"Consider a taliban soldier picked up in Afghanistan during the war. For whatever reason, the US decides he has further intelligance value and ships him of to Gitmo. Under the Geneva Conventions, there is no basis for holding him regardless of what intelligence value he has."

This somewhat elaborate theory would better explain things if it took into account that Administration policy applied the Geneva Conventions to the Taliban. It doesn't strengthen otherwise valid criticism to embed it with such major errors of fact.

Yes, Charles. You linked to QandO. What I was objecting to when I criticized

giving senior officers and Administration officials a complete pass on their actions

was this passage from your post:

We've made our share of mistakes with prisoners and detainees, but another measure of having higher standards is what's being done to fix them (the mistakes, not the prisoners/detainees). The discoveries and investigations of ill treatment, abuse and torture were made by US investigative authorities. CBS News didn't discover Abu Ghraib, the US military did.

This suggests that we are cleaning up, investigating, punishing wrongdoers without fear or favor. No coverup, no scapegoating, no shielding of high-ranking officials, military or civilian.

That is not an accurate description of the official response.

Charles: The point is that I do not accept at face value and without corroboration the words of Gitmo detainees, not when many or most of these men are likely terrorists and enemies of the United States.

Anarch: On what basis do you make this claim?

You may not like the answer, but an answer was given. Like I wrote before, this is a War on Terror, not a Law Enforcement Response on Terror. The detainees at Gitmo are unlawful enemy combatants so judged by the US military under the rules of war, those combatants being members of al Qaeda and who have raised arms against the United States military. My dispute with the practice is that, even when there is no doubt as to their status, every detainee should face a proper and timely tribunal to remove even the appearance of a violation of the Geneva Conventions. I believe we've made serious mistakes by doing so few of them, and we've made things worse by using the practice of extraordinary rendition.

Why do I not take the detainees' words at face value? One, because al Qaeda has a training manual, and one of the manual's instructions is for captives to proclaim torture. Two, because it is unwise to take uncorroborated statements from someone who is most likely our enemy and trained at giving out misinformation. I'm sorry you don't like the answer, but you'll just have to deal with it. Or not.

Charles: The detainees at Gitmo are unlawful enemy combatants so judged by the US military under the rules of war

Were they? What evidence do you have to prove that the US military judged all the Guantanamo Bay detainees as "unlawful enemy combatants under the rules of war"? Cite, please. And, following on from that, what reason do you have to suppose that they were correct in doing so? Again, cite, please. Shall I give you example detainees by name and you can tell me how in each instance the US military judged that detainee an "unlawful enemy combatants under the rules of war"? I am happy to do so: just say the word.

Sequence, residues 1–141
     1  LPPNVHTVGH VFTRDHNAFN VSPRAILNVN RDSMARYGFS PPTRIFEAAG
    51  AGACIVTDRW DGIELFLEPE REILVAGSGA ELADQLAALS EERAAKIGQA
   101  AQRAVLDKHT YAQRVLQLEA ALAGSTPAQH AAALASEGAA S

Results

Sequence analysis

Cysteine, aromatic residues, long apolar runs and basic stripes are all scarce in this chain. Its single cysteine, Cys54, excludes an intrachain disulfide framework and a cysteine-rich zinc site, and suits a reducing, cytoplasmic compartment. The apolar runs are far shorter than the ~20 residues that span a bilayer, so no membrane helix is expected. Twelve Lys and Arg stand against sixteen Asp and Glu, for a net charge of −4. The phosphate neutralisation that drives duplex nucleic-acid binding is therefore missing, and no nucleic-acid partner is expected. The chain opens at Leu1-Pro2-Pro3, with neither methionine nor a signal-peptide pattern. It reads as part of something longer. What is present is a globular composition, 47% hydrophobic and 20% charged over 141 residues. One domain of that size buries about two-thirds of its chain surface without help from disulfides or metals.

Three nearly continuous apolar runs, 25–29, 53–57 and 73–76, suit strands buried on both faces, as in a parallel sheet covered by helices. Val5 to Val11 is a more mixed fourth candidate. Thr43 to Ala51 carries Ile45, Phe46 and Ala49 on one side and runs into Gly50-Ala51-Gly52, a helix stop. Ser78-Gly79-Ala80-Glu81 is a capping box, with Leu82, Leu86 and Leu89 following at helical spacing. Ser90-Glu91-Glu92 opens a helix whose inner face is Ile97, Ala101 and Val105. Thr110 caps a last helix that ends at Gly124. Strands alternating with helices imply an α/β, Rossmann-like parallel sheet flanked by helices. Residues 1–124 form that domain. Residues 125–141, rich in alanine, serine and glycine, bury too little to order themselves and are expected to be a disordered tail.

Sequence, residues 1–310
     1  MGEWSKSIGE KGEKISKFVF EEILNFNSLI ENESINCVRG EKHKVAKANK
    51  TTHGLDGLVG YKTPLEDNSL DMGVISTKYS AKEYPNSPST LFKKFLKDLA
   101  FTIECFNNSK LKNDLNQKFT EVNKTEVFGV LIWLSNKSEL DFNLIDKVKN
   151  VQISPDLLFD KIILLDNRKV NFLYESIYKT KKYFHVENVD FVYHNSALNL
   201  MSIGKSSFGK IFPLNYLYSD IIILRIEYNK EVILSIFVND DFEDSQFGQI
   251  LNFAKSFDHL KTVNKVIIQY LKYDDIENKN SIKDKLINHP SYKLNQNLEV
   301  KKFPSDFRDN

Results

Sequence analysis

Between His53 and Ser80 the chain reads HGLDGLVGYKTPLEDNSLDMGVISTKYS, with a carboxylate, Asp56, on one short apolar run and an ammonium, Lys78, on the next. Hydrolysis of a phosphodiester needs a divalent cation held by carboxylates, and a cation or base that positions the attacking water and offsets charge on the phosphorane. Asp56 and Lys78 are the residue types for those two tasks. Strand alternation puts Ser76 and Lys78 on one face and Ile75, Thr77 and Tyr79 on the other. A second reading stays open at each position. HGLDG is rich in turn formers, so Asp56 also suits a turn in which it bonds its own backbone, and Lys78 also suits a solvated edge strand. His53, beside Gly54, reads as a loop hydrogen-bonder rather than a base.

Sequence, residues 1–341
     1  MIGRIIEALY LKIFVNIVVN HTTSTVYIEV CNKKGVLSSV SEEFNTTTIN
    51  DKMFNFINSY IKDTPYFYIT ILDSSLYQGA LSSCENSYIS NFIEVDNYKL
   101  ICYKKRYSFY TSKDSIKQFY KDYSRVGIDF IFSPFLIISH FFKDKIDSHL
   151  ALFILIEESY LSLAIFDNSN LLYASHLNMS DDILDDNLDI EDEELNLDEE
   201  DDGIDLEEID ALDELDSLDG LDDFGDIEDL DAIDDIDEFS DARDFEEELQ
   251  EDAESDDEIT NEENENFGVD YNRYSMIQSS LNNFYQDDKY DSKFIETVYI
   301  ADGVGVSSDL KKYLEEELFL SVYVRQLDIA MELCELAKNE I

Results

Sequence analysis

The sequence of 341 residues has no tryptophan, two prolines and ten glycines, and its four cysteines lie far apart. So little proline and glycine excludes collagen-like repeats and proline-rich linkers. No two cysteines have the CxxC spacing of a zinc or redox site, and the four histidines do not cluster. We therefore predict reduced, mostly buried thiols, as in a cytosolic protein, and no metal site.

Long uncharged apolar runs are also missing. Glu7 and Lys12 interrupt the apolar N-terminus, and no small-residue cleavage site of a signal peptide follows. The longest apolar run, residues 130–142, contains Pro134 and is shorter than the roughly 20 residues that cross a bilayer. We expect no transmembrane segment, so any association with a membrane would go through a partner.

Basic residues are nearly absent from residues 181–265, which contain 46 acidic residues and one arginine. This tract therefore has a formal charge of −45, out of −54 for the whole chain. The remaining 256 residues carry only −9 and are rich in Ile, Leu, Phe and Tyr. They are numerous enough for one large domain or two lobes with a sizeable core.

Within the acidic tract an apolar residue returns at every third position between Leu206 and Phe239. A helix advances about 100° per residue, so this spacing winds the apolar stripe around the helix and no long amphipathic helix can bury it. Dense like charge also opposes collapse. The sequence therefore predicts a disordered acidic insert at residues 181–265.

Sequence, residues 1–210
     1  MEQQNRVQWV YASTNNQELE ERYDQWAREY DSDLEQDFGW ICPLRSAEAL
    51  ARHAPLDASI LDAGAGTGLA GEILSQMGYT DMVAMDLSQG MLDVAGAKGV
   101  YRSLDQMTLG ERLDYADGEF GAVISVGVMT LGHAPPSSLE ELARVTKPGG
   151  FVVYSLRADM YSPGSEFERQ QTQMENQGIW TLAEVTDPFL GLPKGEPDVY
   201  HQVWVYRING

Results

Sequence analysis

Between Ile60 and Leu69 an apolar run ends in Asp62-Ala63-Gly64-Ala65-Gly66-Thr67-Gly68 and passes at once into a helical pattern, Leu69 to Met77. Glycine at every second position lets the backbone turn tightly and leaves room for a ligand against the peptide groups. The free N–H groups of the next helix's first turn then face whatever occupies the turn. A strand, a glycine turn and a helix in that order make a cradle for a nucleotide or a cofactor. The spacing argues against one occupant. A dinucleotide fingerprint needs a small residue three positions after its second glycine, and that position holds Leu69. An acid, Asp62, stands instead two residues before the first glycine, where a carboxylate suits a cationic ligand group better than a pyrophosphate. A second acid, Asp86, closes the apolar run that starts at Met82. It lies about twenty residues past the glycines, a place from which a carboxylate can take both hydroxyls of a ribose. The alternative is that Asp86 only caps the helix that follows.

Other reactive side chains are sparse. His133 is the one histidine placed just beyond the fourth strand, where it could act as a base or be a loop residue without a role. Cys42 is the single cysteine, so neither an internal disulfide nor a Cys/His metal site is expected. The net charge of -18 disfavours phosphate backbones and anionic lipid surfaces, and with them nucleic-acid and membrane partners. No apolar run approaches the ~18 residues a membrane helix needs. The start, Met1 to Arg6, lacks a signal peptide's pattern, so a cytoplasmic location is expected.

Why do I not take the detainees' words at face value? One, because al Qaeda has a training manual, and one of the manual's instructions is for captives to proclaim torture. Two, because it is unwise to take uncorroborated statements from someone who is most likely our enemy and trained at giving out misinformation.

Again, what evidence do you have that the detainees are al-Qaeda? And two, what evidence do you have that the detainees were "trained at giving out misinformation"?

You're still not answering these questions. You merely assert that this is so, without explaining what reason you have for thinking that this is so, aside from your assertion that you believe the US military has correctly judged all the Guantanamo Bay detainees as "unlawful enemy combatants under the rules of war"?

Charles: Jes, see my comment at 11:09. Like I wrote, your truck isn't with me.

I saw your comment at 11:09, btw: I noted (as I responded to it) that again, as now, you were evading answering the question.

Gary: "This somewhat elaborate theory would better explain things if it took into account that Administration policy applied the Geneva Conventions to the Taliban. It doesn't strengthen otherwise valid criticism to embed it with such major errors of fact."

I have a great deal of respect for you, but I don't think the linked article claims what you say it claims.

There are two separate issues here: 1. whether or not to apply the GC to captured individuals at all, and 2. if we apply the GC to captured individuals, whether to treat them as POWs, civilians, or unlawful combatants.

The article you link to says that the administration has decided on answers to both these questions. For question 1, the administration says that the GC does apply to Taliban soldiers. For question 2, the linked article clearly states that the administration is going to treat Taliban soldiers as unlawful combatants and not POWs:

"Legal experts and human-rights advocates said Bush's decision to continue classifying Taliban detainees as "unlawful combatants" instead of POWs allows the White House to use secret military commissions to try the individuals."